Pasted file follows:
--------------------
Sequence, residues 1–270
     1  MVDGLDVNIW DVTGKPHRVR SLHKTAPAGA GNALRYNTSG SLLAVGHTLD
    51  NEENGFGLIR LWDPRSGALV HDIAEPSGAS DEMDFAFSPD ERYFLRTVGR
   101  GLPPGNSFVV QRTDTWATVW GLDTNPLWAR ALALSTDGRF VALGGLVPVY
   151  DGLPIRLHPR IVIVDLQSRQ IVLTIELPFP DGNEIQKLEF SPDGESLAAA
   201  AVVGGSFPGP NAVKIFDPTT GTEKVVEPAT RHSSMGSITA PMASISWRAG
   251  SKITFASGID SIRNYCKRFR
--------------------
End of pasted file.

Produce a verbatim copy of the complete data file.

Sequence, residues 1–270
     1  MVDGLDVNIW DVTGKPHRVR SLHKTAPAGA GNALRYNTSG SLLAVGHTLD
    51  NEENGFGLIR LWDPRSGALV HDIAEPSGAS DEMDFAFSPD ERYFLRTVGR
   101  GLPPGNSFVV QRTDTWATVW GLDTNPLWAR ALALSTDGRF VALGGLVPVY
   151  DGLPIRLHPR IVIVDLQSRQ IVLTIELPFP DGNEIQKLEF SPDGESLAAA
   201  AVVGGSFPGP NAVKIFDPTT GTEKVVEPAT RHSSMGSITA PMASISWRAG
   251  SKITFASGID SIRNYCKRFR